13. I have been using a Pentax in one form or another for many years. I love my K5iis and don’t really don’t want to change, but now that I’m getting serious about learning from the experts I’m finding it frustrating that everything seems to be geared for the Canon and Nikon users. One advantage to the Pentax is that the anti-shake mechanism is in the camera body so it doesn’t have to be duplicated in each lens, keeping the cost of lenses down.

    1. Yes, it’s sad, but it’s because Pentax seem to have a no-advertising policy. They were really big in the 1960-2000 period but now it is hard to find a shop that stocks them, although they can order them. Yet Pentax have a big and expanding range of cameras and lenses, and only they, Canon, and Nikon make full frame professional-grade DSLRs. Sony make full frame mirrorless equivalent but not strictly DSLRs (clue : the “R” means “reflex” as in reflecting mirror).
      The in-body anti-shake not only means cheaper lenses, it also works with legacy manual lenses, and there are plenty of those on e-bay. Actually, most advice from experts is equally applicable whatever the brand, so don’t be put off Pentax – you are just not following the crowd and are a member of a smaller but discerning group 🙂

      1. I’ve been shooting with Pentax for few years and the only problem is that if you nee to buy some gear – it’s sometimes hard to find the shop that has Pentax stuff in the offer. My personal observation is that there is not so many lenses for Pentax as for Canon or Nikon. However, when you look at the body – pentax usually offers more for the same price than others. I hope that Pentax will grow in the future – fingers crossed!

  14. Not sure if this will help, but I really kind of beat up my first good camera…it took some time to really learn how to take care of it, handle it so it wouldn’t drop, bang around, etc. Starting with something affordable that you can learn on and then saving for an upgrade makes sense. When you buy the next camera, you’ll be more knowledgable and ready to get the most out of it.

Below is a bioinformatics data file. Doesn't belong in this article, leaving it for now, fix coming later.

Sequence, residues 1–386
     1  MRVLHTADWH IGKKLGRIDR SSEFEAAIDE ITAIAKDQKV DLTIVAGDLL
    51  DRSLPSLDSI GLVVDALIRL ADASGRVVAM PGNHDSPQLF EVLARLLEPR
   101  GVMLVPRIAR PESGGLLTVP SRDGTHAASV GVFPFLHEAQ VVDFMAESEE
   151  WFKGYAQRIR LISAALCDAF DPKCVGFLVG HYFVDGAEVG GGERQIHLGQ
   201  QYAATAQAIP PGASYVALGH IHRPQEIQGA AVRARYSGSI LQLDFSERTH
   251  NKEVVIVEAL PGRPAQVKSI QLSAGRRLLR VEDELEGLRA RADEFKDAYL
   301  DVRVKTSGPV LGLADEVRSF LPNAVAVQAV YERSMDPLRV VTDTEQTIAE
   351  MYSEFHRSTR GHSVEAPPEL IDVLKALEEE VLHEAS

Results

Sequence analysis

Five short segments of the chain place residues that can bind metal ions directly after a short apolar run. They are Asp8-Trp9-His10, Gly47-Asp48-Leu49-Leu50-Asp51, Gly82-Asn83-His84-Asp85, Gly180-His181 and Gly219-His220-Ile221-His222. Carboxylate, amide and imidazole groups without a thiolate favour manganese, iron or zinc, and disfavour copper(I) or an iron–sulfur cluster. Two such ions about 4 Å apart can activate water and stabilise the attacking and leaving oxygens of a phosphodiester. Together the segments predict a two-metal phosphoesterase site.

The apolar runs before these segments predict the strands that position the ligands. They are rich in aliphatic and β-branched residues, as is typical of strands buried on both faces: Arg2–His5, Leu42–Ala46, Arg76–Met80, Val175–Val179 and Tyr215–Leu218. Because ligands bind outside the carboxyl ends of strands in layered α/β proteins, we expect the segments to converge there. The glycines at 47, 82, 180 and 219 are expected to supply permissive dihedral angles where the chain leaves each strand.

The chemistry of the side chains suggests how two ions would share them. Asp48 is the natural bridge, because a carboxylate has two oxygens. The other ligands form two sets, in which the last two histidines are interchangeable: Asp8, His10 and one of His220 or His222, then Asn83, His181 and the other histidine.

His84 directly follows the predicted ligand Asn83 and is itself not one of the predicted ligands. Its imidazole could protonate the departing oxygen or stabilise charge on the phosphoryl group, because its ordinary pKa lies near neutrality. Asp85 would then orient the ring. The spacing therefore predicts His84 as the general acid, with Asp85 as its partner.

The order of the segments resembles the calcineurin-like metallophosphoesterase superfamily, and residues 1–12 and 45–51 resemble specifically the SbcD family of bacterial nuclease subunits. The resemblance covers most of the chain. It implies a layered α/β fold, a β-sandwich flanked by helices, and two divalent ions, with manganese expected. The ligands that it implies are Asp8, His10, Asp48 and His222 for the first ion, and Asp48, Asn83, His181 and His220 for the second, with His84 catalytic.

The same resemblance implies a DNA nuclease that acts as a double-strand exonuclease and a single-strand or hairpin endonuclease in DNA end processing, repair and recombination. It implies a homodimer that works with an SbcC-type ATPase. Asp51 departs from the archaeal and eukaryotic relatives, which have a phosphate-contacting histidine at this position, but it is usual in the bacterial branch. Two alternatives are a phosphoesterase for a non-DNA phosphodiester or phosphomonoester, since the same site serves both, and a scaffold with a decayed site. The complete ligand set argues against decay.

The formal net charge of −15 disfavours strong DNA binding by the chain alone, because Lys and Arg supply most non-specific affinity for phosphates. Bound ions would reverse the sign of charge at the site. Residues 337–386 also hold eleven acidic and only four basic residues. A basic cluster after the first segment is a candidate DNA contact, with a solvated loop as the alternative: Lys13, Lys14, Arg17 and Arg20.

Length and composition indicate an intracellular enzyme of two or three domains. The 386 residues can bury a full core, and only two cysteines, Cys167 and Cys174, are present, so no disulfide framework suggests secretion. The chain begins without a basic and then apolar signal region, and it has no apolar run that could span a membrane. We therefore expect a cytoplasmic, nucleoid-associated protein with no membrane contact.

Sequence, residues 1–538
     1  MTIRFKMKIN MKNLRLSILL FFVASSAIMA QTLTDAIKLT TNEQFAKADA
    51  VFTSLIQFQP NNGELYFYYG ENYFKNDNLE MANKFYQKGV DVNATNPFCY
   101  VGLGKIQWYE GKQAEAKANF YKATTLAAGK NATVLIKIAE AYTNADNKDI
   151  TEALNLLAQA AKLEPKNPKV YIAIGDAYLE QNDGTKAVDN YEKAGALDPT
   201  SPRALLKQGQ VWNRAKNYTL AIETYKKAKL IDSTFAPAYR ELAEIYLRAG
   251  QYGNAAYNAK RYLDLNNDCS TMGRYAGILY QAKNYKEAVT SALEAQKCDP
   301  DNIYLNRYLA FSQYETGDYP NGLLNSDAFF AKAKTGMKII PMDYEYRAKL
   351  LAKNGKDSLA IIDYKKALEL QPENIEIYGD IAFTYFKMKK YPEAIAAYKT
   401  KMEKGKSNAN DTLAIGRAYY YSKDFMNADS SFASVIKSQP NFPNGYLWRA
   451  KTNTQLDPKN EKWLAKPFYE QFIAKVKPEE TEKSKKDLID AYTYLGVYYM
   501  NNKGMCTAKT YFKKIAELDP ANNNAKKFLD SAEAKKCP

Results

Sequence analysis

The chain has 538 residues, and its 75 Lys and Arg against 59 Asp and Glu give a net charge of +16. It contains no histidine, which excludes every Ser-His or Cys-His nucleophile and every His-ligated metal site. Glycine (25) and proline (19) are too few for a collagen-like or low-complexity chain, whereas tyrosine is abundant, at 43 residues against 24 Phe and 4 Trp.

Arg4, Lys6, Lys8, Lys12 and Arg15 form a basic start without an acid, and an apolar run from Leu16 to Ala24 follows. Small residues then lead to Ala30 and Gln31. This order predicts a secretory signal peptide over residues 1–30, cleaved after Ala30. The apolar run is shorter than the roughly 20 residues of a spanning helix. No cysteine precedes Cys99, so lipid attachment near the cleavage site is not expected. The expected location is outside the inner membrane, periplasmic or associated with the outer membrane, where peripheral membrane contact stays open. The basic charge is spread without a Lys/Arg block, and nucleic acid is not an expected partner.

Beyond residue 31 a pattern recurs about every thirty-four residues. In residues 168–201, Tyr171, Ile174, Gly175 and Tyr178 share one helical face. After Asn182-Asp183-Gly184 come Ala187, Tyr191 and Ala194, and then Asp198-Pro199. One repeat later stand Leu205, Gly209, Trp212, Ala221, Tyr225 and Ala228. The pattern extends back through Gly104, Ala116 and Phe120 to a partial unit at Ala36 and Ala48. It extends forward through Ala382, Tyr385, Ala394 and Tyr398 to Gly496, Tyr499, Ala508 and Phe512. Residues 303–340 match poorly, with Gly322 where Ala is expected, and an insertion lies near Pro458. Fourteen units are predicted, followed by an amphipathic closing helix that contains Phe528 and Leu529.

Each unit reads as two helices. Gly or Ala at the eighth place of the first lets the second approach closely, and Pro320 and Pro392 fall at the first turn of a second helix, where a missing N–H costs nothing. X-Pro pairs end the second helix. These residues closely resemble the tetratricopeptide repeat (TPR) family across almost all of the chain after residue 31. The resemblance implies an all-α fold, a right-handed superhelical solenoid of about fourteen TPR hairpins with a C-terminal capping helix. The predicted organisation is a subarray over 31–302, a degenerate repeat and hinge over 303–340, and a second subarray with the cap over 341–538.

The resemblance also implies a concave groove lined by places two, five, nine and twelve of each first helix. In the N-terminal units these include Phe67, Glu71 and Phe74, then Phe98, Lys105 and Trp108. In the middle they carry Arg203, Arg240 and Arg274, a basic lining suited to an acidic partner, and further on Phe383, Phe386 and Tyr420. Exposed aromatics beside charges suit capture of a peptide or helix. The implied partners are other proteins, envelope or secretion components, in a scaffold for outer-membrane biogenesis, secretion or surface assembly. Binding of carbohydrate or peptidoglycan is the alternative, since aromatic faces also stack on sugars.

15. IMHO for good photos most important thing is photographer’s mind, all other factors (camera’s model, optics etc.) are much less important.

    1. Never ending discussion…. talent or gear….
      There won’t be a good picture if you pair inexperienced guy with top notch camera – that’s obvious. But it is also very hard to take some pictures without proper gear even if you are an expert. As an example, shooting in poor light will often be impossible if you don’t have good lenses or camera that delivers low noise photos with high ISO (unless you have a static scene and can use tripod). I’m not pro, but better gear helps me achieve better results.

Leave a Reply

Your email address will not be published. Required fields are marked *

Scroll to Top